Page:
In fact alternating between her navel and the hill itself, Tessa Ransford manages little in between, and it is this unity which allows Shadows From The Greater Hill a narrative - that not often found in poetry - as the seasons pass and unwanted developments influence her life.

The poems in Shadows From The Greater Hill zig zag between the two with little to connect them.

So we go:

Darkness before dawn
and rain
rhythmical
encompassing within its sound
ourselves, the window ledges,
street and buildings,
cars, tree, grass, gate, wall.

To merge contendetly with:

Alone at night I search my mind
for a word on the page remembered
that never betrays,
a passage I once relied on
like daily bread,
a thought precisely expressed:
as I discover the plot
in which my part is played.

Imposing the calendar year upon the collection and the focus of the hill itself, is most wise. The collection is at its absolute best when attaining the fine heights of poetic expression possible when theme and concision meet, as in the July 1st entry:

Shadows from the greater hill
in early eastern light, project
upon the lesser slope, to fill
with dark its curves and hollowings —
as suddenly, without remark,
white gulls open huge black wings.

This is a metaphor which is read as easily as that in Philip Larkin’s High Windows. In fact it is not dissimilar. However it is not the single poems that make Shadows From The Greater Hill by Tessa Ransford a success, but the accumulated effect of the passing year, which seems to augment the verses’ power as the book progresses out of winter and back into the next winter.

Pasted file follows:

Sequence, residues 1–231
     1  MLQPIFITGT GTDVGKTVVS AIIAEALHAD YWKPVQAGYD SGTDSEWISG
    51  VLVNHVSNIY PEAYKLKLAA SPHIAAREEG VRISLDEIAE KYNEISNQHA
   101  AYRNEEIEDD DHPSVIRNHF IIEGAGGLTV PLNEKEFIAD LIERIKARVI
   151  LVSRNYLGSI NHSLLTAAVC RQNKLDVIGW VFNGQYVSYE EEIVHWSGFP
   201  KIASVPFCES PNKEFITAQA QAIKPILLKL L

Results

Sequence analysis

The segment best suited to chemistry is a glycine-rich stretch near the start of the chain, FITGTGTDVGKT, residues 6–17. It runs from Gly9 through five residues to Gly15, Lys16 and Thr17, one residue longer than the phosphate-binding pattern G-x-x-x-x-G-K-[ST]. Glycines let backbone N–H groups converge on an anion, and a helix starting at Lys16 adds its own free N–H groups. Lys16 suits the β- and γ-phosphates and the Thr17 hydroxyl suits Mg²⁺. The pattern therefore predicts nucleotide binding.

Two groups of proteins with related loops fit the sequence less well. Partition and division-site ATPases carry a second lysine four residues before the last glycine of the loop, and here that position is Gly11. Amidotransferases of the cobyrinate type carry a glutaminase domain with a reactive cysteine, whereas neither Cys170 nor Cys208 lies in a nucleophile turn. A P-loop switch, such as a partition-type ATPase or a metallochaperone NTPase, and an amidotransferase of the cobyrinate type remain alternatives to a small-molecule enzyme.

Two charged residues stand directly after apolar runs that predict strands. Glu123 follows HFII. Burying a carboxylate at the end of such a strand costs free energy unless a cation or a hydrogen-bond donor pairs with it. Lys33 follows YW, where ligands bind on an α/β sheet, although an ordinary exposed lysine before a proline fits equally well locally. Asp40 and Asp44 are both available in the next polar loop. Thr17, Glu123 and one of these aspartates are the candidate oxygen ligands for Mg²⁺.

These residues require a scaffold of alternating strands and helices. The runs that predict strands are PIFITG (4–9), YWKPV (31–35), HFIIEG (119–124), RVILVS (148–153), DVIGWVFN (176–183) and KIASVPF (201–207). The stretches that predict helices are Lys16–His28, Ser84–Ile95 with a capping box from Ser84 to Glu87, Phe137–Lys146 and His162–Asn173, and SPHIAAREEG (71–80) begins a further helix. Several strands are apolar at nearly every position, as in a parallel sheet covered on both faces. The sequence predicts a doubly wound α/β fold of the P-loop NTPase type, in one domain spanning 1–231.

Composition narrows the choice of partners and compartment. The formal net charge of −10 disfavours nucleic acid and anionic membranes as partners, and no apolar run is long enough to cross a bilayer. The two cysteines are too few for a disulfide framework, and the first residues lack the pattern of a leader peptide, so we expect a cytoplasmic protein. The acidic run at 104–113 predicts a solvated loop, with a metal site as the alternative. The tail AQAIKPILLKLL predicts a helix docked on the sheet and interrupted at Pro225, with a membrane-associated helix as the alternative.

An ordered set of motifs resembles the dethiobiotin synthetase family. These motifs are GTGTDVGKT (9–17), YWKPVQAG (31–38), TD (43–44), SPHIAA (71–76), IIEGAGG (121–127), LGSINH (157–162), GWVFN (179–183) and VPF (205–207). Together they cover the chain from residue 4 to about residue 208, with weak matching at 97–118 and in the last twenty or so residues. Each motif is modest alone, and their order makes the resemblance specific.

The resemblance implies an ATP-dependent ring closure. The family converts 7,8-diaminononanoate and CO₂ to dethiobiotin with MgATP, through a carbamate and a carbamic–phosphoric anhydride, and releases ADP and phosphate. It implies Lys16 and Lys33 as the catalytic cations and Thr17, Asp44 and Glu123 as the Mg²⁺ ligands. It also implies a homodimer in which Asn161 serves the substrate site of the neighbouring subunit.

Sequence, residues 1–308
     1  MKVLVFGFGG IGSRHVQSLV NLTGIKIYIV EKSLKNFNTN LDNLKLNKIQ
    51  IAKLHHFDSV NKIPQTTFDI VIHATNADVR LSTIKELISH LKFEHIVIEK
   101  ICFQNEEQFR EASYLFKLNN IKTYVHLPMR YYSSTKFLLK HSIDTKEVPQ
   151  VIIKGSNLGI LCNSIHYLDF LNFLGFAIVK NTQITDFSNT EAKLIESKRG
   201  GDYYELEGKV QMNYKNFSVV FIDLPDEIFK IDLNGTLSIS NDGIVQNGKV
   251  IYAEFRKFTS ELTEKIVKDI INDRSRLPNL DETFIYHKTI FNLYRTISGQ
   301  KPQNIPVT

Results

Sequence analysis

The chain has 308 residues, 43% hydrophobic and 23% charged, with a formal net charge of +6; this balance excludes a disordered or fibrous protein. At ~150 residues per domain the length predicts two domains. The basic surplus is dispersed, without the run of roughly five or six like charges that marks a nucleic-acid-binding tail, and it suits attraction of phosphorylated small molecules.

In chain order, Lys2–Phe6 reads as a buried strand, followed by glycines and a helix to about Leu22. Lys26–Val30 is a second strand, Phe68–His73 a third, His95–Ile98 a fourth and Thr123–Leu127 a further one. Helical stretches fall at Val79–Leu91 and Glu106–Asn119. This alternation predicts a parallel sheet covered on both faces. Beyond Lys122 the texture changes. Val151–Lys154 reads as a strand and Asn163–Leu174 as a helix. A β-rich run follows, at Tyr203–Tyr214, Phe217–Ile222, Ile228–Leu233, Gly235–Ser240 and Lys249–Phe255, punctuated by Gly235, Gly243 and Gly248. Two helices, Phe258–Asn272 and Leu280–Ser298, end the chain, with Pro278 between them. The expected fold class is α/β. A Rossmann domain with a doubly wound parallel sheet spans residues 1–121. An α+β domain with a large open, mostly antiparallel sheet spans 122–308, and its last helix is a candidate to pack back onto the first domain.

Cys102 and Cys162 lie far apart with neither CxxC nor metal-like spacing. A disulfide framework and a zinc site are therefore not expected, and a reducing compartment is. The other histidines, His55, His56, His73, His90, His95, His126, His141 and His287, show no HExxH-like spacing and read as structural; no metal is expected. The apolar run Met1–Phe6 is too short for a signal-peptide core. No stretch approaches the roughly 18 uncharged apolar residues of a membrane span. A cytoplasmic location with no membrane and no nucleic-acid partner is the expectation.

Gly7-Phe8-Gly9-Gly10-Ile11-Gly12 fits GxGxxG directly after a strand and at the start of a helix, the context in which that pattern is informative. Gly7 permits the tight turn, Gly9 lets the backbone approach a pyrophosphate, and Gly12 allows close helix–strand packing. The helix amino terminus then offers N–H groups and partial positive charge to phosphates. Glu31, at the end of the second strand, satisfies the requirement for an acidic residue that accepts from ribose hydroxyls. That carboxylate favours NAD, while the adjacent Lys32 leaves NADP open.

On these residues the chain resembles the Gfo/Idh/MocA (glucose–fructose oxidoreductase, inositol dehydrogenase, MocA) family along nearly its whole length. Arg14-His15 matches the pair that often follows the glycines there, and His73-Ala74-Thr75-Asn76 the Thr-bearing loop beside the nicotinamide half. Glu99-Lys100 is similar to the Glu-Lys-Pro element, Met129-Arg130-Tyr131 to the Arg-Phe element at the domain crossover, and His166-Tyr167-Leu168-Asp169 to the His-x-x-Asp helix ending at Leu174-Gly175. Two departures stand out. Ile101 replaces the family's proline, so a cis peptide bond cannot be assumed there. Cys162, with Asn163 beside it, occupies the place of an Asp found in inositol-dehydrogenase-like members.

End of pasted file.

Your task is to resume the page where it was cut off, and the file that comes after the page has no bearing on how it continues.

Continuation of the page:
It is poetry in its most common form and as most people understand it—highly romanticised, ethereal, and referencing imagined areas which exist between nature and the poet's soul, making of the trees, birds and grass a second expressive body from which words may bounce, carrying ideas tucked within their hopefully enveloping folds.

Tessa Ransford however avoids most of the autonomic matter which we may now expect from our poets, and this includes her body and any related self-esteem issues, and the weepy and melodramatic subjects of art and poetry themselves. It means that the collection is mellowed into a more sharply focused form of expression, unsullied by the input from creative writing classes.

The gulls and their fellows the geese feature large, as do the trees which have been transplanted to the hill and which stand ‘black, slim, sharp / at brave attention’. These two elements are recurrent over the changing of time and personality and offer the reader a core, and something to ground the poetry and make it a pleasure, as opposed to a drag.

Observe the arrival of winter on Tessa Ransford’s Arthur’s Seat (December 4th)

I closed my eyes
and lay down in sickness.
When I opened them
trees were grey and naked —
even the tall willow
that was green the day before.

What is great about this short extract is that it shows Tessa Ransford finally imagining herself as the hill itself. Tessa Ransford shows how the season changes above, around and within her and simultaneously describes herself changing and the dying of autumn as the one and the same sickness—a pure example of the person-within-envirnoment poetry that so many writers aspire to.